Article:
Background: Treatment of partial-thickness cuff tears remains controversial. Although conservative therapy may treat symptoms, these defects do not spontaneously heal and conversion to a full-thickness lesion with subsequent repair may alter the tendon footprint. The ability to induce new tissue formation and limit tear progression in intermediate- and high-grade partial-thickness tears without surgical repair may represent a significant advancement in the treatment paradigm for these lesions.
Methods: We prospectively enrolled 33 patients with chronic, degenerative, intermediate-grade (n = 12) or high-grade (n = 21) partial-thickness tears (11 articular, 10 bursal, 4 intrasubstance, and 8 hybrid) of the supraspinatus tendon in a multicenter study. Following arthroscopic subacromial decompression without repair, a bioinductive implant was attached over the bursal surface of the tendon. Clinical outcomes were assessed using American Shoulder and Elbow Surgeons and Constant-Murley scores preoperatively and at 3 and 12 months postoperatively. Magnetic resonance imaging was performed to assess postoperative tendon healing and thickness at the original tear site.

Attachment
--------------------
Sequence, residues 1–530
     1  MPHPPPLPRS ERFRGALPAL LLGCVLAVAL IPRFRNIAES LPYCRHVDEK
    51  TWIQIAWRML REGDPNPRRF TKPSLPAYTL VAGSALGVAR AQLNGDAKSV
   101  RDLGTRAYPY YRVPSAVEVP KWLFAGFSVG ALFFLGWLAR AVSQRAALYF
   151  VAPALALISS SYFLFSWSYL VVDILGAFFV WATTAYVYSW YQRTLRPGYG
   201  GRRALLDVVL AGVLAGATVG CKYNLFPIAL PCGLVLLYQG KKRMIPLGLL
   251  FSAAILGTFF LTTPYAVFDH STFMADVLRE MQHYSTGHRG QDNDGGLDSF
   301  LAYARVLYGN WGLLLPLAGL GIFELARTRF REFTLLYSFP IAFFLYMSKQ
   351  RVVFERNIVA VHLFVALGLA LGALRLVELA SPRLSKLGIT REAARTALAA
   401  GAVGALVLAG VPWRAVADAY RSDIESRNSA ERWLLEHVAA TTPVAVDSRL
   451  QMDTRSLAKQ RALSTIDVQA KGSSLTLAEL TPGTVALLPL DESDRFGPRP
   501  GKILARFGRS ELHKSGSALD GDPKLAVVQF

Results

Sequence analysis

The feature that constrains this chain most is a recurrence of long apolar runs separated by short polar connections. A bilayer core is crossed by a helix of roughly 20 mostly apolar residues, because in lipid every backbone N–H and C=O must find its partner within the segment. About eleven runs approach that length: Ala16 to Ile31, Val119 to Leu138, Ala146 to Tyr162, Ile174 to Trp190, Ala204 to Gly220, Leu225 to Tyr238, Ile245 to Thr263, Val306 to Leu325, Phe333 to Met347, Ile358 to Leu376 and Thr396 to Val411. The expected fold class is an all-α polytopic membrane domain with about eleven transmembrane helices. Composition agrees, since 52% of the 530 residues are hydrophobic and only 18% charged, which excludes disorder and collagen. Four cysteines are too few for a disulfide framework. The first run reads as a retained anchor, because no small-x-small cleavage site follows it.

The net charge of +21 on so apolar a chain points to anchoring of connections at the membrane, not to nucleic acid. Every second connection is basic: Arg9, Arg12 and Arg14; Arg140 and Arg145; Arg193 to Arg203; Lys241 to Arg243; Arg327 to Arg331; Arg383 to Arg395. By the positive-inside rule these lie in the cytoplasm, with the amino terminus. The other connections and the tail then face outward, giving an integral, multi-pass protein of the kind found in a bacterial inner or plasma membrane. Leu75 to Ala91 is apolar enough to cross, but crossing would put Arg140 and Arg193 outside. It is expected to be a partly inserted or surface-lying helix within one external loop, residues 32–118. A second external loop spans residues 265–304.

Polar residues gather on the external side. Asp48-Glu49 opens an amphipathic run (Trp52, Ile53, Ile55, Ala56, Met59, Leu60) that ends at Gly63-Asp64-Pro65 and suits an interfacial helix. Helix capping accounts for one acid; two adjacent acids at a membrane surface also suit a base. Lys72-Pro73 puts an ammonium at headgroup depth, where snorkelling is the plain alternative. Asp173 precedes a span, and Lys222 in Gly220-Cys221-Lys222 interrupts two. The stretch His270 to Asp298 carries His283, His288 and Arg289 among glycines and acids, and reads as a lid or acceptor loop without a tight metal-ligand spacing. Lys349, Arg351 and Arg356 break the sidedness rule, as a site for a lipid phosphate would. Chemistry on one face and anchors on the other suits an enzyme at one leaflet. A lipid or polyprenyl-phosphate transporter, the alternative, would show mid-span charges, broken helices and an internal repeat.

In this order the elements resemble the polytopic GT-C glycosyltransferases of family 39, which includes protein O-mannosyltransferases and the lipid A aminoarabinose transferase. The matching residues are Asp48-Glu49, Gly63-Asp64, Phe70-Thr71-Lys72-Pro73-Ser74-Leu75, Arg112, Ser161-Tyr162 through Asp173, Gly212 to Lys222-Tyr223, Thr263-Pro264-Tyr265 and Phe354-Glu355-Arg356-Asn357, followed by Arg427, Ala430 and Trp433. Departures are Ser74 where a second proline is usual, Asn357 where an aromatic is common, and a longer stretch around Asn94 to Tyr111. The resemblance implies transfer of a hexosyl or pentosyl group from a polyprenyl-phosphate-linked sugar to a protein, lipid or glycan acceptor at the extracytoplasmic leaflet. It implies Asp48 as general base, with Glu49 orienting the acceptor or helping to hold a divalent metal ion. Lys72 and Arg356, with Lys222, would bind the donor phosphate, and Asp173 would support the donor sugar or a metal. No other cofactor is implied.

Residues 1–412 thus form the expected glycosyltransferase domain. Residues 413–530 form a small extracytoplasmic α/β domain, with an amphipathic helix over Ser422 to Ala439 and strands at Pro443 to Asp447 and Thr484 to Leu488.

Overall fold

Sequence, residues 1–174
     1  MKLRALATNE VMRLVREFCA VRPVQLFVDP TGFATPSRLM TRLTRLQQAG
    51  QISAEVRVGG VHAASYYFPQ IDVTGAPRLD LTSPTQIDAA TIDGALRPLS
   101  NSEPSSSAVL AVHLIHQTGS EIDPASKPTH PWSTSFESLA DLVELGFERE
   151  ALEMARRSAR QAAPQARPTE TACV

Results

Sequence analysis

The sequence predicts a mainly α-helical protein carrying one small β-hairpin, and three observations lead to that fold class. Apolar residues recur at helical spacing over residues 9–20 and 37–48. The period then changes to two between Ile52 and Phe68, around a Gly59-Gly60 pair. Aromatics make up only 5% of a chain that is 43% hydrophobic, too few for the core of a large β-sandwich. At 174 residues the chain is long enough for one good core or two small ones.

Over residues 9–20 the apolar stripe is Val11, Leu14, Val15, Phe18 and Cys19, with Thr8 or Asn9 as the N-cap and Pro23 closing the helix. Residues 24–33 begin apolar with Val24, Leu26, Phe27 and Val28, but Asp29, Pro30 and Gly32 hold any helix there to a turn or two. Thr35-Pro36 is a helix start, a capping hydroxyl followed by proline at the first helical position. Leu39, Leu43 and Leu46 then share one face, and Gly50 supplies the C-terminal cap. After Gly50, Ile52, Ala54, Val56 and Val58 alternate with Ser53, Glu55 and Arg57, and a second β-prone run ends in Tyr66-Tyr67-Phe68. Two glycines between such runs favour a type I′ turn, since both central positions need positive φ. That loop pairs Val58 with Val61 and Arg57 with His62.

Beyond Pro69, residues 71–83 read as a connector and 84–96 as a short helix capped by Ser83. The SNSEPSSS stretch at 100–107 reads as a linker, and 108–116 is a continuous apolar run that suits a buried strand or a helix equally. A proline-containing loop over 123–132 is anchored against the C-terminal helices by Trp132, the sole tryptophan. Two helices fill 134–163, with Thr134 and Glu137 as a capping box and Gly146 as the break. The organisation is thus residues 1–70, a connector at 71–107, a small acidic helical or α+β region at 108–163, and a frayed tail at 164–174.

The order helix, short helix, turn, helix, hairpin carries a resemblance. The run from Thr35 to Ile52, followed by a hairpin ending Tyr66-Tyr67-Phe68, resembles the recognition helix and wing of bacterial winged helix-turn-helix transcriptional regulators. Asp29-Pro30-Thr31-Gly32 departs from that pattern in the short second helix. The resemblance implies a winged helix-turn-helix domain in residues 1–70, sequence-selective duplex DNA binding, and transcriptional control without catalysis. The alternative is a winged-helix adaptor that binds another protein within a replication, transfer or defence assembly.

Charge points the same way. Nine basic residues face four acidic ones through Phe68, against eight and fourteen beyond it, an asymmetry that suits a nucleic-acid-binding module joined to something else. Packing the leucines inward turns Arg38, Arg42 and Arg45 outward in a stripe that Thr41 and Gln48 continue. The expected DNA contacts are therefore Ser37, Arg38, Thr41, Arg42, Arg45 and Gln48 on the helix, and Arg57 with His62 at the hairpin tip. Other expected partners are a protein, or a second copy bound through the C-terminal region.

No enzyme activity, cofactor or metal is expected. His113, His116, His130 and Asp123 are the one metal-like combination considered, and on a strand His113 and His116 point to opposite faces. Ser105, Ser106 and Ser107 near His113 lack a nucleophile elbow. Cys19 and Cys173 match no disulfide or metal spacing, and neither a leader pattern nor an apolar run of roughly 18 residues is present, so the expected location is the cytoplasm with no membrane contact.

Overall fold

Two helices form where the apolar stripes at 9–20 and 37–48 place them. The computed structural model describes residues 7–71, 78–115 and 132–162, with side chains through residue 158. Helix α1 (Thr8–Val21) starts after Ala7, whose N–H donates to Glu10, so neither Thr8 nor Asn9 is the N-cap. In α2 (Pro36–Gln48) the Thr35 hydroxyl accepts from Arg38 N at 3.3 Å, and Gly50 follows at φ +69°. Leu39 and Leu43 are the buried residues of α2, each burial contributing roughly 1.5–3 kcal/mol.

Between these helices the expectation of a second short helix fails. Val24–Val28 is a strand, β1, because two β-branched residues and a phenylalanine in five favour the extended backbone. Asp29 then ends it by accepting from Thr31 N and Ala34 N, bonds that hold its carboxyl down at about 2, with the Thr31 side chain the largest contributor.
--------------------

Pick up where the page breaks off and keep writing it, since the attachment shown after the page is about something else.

Results: At 1-year follow-up, clinical scores improved significantly (P <.0001) and the mean tendon thickness increased by 2.0 mm (P <.0001). Magnetic resonance imaging evidence of complete healing was found in 8 patients and a considerable reduction in defect size was shown in 23, whereas 1 lesion remained stable. In 1 noncompliant patient with a high-grade articular lesion, progression to a full-thickness tear occurred while shoveling snow 1 month after surgery. No serious adverse events related to the implant were reported.
Conclusions: Arthroscopic implantation of a bioinductive collagen scaffold is a safe and effective treatment for intermediate- to high-grade partial-thickness rotator cuff tears of the supraspinatus tendon.
Keywords: Arthroscopy; biological augmentation; collagen implant; magnetic resonance imaging; partial-thickness; rotator cuff tear; shoulder; tissue induction.
Copyright © 2017 Journal of Shoulder and Elbow Surgery Board of Trustees. Published by Elsevier Inc. All rights reserved.